Dregen lights a cigarette at the Kashmir Klub, London, 29 May 1999Though I wouldn’t claim to know his true personality, Dregen does seem like a complete sweetie off stage. After tonight’s gig, when Ginger introduces him to me and Tara, he pretends to remember us from an interview we did with him about 14 months ago. It’s possible, I suppose, but he must have done at least a hundred interviews since then.

For Tyla, though, this kind of gig has been his life since the Dogs D’Amour split in 1995. He must have played more acoustic shows than Bob Dylan by now. Unlike Dylan, however, his live set has changed very little over the years. Considering that Tyla has released somewhere in the region of 50 songs since he first went solo, I have to wonder why his gigs still consist of 95 per cent classic Dogs stuff. Undoubtedly, this is what a large proportion of his audience wants to hear. But giving an audience exactly what it wants is always going to hold an artist back.

Me? As much as I love the Dogs (and, boy, do I love the Dogs), I don’t want Tyla to become a museum piece, forever in debt to his past. I don’t want him to turn into Chuck Berry, playing the nostalgia circuit for the rest of his days, ‘cos the guy’s worth far more than that.

Aw, okay, okay, I’ll quit moaning. I can just about forgive tonight’s Dogs-heavy set list. This is, after all, a special occasion – for Dregen as much as us, I suspect. The guitarist looks tiny against Tyla’s towering frame. His playing complements the frontman’s strumming style well, and he ensures that there are plenty of surprises to be enjoyed, including a brief snatch of Pipeline hidden in set opener What’s Happening Here.

When the duo launch into one of the absolute classics – say, Drunk Like Me or How Come It Never Rains – Dregen lets out a “yeah!” He’s obviously very excited to be up there playing (and singing) with one of his rock ‘n’ roll heroes. There’s a definite ‘passing on of the torch’ vibe about tonight’s show – though you have to wonder which way it’s actually being passed when, during In The Dynamite Jet Saloon, Tyla hits a decidedly dodgy chord, which he strums on for a while, attempting to pass it off as deliberate.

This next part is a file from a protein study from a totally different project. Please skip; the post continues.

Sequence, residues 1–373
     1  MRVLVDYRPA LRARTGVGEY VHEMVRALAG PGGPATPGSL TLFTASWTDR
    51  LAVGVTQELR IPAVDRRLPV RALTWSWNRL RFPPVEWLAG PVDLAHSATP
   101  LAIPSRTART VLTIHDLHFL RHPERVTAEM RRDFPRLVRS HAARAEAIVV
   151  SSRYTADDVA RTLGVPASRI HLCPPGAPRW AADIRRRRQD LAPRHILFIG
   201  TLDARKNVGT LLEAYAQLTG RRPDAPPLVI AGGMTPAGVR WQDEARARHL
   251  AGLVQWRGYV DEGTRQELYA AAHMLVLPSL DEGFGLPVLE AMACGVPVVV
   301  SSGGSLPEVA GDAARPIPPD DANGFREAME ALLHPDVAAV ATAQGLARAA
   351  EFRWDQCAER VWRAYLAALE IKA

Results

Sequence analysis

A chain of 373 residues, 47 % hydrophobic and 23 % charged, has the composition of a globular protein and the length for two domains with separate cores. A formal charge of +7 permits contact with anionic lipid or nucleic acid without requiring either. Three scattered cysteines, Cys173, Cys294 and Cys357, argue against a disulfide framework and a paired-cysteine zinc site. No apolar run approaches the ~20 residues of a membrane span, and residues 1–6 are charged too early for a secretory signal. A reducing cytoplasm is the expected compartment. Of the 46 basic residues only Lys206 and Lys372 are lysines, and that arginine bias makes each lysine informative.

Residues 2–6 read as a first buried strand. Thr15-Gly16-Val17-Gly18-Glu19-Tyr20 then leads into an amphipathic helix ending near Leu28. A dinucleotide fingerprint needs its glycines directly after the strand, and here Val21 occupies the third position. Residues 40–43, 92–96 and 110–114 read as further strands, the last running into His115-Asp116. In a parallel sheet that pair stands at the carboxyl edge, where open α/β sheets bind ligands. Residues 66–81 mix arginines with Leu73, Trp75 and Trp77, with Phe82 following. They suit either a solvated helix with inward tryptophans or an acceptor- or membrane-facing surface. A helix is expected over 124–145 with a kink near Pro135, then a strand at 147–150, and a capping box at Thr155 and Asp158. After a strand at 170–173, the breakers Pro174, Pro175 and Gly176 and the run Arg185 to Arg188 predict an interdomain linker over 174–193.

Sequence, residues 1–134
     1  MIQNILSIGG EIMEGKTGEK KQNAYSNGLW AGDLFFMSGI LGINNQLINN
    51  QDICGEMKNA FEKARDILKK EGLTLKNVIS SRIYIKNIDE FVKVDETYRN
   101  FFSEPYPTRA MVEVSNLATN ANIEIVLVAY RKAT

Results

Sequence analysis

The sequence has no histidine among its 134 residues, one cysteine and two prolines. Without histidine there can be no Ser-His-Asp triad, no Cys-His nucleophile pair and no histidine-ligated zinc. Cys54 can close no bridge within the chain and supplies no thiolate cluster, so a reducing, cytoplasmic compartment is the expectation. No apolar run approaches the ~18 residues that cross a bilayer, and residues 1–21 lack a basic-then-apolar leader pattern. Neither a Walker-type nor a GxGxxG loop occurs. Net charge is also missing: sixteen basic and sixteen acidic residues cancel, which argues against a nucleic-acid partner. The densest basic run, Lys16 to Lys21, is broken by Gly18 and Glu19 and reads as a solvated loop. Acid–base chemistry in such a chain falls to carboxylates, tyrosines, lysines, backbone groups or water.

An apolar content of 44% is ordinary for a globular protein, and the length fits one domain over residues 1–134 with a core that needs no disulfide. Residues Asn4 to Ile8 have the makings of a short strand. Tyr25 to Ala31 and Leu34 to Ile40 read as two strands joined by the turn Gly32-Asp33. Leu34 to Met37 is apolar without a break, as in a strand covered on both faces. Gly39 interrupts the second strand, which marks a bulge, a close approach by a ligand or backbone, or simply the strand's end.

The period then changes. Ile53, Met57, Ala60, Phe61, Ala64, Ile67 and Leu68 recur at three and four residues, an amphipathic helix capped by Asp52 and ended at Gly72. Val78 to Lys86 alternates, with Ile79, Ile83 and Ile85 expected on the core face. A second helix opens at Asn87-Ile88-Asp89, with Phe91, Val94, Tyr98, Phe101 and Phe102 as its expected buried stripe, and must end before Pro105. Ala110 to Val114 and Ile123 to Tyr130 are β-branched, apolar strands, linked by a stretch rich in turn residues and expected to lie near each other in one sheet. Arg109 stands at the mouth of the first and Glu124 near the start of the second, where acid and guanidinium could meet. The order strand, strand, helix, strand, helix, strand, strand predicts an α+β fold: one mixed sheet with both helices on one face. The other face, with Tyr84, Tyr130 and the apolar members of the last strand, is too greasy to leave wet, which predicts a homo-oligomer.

“What chord is that?” asks Dregen, leaning over to look, a knowing smile on his lips.

“I made it up, ” says Tyla. “It’s my fuckin’ guitar, innit? Besides, you’ve been fuckin’ making ’em up all night!”

The show is full of witty banter like this, most of it tumbling from Tyla’s lips. Earlier in the show, during Last Bandit, the frontman had to stop playing mid-song when he went to hit a chord and the guitar didn’t produce the note he was expecting (the support band, Sack Trick, were apparently using a different tuning). Suddenly 3 Colours Red guitarist Chris McCormack appeared at the side of the ‘stage’ to take the guitar away for a re-tune.

“That’s how famous we are!” said Tyla, without missing a beat. “Keep the motor running, Chris!”